Terrorism – a violent action against people or property, designed to create fear and advance a political, religious or ideological cause.
Radicalisation – the process by which a person comes to support extremism and terrorism.
Promoting British Values - our Commitment to Safeguarding and the PREVENT Duty
The DfE have reinforced the need “to create and enforce a clear and rigorous expectation on all schools to promote the fundamental British values of democracy, the rule of law, individual liberty and mutual respect and tolerance of those with different faiths and beliefs”.
At Summerlea CP School these values underpin our Summerlea Seven Values (HEARRRT) and are reinforced regularly and in the following ways:
Democracy underpins the values of the school. All children are treated fairly and have an equal right to express their views and be listened to. Pupils have the opportunity to have their voices heard through our School Pupil Council and Pupil Surveys. Members of the School Pupil Council are elected democratically by their classmates on their class councils, which introduces them to the principal of democratic elections. We also take part in local Junior Youth Council events. In addition, members of the School Pupil Council contribute to policies such as the Behaviour Policy and the Home School Agreement as well as the School Improvement Plan.
Rule of law
The importance of laws, whether they be those that govern the class, the school, or the country, are consistently reinforced throughout regular school days, as well as when dealing with behaviour and through school assemblies. Pupils are taught the reasons behind school rules, taught the importance of observing those rules and what the consequences will be should they forget to follow any of the rules. Visits from authorities such as the Police and Magistrates in Schools reinforce the message that we all have a responsibility to follow laws and that there are consequences when laws are broken. Members of the School Pupil Council visit the Houses of Parliament to see democracy and law making in action.
Within school, pupils are actively encouraged to make choices, knowing that they are in a safe and supportive environment. As a school, we educate and provide boundaries for young pupils to make choices safely, through provision of a safe environment and a curriculum designed to empower them. Pupils are encouraged to know, understand and exercise their rights and personal freedoms and are advised how to exercise these safely, for example through our e-Safety Policy and PSHCE lessons. Children often choose their level of challenge in lessons and what to present to parents/carers during year group assemblies.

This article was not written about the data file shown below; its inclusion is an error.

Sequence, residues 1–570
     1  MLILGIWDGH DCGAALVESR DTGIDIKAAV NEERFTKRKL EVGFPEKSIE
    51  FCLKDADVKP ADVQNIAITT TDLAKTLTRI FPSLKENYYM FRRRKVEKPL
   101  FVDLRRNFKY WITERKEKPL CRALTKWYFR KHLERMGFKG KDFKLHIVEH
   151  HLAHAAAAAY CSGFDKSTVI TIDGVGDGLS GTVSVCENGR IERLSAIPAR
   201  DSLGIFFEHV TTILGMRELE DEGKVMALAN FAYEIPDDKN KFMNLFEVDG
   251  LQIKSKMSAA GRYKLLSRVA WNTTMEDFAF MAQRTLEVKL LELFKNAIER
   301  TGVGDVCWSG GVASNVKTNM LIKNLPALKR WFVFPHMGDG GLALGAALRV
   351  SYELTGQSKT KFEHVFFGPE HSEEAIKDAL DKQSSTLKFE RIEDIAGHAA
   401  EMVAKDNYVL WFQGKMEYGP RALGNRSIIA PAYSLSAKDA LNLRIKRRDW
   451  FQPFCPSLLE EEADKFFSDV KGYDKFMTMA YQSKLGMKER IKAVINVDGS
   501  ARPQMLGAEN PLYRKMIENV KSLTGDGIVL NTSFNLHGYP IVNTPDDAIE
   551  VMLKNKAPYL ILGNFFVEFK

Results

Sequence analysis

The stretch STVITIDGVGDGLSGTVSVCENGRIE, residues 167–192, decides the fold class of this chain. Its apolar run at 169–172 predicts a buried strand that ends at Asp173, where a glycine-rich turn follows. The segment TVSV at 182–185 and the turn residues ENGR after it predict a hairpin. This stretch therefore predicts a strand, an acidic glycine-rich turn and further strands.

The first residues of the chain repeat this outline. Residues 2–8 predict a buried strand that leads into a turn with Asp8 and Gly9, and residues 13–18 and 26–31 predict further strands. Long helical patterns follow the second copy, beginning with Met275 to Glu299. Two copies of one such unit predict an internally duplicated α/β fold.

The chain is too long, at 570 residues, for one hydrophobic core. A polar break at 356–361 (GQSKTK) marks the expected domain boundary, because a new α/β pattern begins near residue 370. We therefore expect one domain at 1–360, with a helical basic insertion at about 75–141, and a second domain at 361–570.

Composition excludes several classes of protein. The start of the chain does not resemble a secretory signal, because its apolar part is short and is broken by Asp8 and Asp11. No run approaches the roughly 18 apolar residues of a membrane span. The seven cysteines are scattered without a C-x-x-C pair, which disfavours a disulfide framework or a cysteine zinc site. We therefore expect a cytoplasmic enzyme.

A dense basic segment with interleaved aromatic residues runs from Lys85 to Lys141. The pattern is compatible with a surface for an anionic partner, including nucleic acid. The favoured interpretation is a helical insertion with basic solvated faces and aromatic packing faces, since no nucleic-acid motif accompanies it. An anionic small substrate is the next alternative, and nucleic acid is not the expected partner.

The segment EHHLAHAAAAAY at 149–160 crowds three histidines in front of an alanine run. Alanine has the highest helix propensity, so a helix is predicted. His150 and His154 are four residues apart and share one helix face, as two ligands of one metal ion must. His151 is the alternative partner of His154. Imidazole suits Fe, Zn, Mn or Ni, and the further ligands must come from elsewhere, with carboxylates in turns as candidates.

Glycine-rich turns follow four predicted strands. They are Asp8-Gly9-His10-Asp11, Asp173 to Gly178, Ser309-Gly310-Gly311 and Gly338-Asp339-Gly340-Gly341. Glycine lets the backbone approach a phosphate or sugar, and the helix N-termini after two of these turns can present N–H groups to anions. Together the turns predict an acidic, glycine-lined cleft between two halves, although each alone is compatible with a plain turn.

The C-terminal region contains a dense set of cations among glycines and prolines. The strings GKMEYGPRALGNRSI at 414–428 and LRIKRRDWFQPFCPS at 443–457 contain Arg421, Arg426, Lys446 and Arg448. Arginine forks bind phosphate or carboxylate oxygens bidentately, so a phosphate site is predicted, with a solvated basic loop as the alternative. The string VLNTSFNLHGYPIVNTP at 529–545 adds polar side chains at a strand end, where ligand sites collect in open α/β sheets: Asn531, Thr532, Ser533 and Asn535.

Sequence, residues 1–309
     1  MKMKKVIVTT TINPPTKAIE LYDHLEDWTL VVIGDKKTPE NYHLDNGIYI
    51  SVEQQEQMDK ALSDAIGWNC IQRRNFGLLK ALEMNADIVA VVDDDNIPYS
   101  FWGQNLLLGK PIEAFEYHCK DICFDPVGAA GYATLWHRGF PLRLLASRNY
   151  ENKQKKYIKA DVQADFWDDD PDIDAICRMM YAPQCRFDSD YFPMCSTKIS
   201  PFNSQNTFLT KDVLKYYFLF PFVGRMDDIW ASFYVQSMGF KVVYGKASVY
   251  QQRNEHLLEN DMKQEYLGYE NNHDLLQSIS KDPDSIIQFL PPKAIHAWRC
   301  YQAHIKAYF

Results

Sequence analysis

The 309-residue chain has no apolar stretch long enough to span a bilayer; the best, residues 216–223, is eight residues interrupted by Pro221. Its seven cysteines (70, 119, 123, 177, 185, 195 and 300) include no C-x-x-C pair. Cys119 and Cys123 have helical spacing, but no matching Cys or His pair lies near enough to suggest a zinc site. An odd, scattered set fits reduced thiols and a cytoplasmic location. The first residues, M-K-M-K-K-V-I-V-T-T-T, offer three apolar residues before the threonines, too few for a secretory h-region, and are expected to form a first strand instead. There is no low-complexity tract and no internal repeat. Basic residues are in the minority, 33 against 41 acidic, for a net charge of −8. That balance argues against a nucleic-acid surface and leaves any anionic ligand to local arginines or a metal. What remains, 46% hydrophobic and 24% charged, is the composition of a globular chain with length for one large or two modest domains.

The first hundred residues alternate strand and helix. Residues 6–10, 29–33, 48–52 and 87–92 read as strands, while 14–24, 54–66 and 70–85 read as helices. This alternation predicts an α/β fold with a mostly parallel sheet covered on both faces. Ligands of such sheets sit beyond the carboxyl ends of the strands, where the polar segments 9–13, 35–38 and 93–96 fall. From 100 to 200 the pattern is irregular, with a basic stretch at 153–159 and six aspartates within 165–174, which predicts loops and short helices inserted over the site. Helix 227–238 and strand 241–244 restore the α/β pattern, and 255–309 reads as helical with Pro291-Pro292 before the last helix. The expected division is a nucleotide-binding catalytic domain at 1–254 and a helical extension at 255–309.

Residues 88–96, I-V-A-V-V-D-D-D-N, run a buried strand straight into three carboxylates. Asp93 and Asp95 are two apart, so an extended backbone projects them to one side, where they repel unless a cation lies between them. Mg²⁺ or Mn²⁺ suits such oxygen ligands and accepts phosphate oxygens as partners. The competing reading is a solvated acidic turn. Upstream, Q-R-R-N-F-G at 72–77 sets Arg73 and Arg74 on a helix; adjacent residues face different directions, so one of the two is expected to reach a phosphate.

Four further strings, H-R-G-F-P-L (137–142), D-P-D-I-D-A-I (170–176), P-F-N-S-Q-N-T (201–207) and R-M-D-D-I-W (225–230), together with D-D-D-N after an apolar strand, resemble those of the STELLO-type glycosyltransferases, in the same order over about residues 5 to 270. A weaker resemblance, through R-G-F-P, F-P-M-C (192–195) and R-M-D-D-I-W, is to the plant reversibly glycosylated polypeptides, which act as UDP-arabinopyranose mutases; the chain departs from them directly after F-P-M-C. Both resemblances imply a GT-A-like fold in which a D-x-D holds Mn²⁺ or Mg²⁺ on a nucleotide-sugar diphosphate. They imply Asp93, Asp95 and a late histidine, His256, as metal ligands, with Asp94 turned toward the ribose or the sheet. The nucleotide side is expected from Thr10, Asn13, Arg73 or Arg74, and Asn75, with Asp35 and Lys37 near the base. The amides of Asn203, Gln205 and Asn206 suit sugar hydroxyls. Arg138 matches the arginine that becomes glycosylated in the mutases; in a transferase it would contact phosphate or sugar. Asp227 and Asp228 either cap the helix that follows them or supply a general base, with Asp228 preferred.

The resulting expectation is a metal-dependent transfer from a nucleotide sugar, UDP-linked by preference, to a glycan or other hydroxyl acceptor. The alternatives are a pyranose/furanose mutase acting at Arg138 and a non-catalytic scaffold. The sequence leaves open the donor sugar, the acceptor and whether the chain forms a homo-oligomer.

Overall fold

Our children thoroughly enjoy lessons and are active learners who display very good behaviour because they understand the right of all children to learn and thrive in an atmosphere of mutual respect. The school promotes respect for others and this is reiterated through our classroom rules as well as our Behaviour Policy. Children take part in discussions during Circle Time when they are expected to treat the opinions and views of others with respect, even if they differ from their own; Learning Buddies is one example of this in action. We aspire to mutual respect permeating all that we do.
Tolerance of those of different faiths and beliefs
All staff are committed to developing with the children the language needed to express their views, emotions and feelings so that children are able to negotiate with their peers and resolve any disagreements peacefully. We actively seek opportunities to enhance pupils’ understanding of their place in a culturally diverse society by giving them opportunities to experience such diversity through the real life experiences of their peers. Assemblies and discussions involving prejudices and prejudiced based bullying are being followed and are supported by learning in RE and PSHCE. Members of different faiths or religions are encouraged to share their knowledge to enhance learning within classes and the school. Children have a school visit to different places of worship during their time at Summerlea.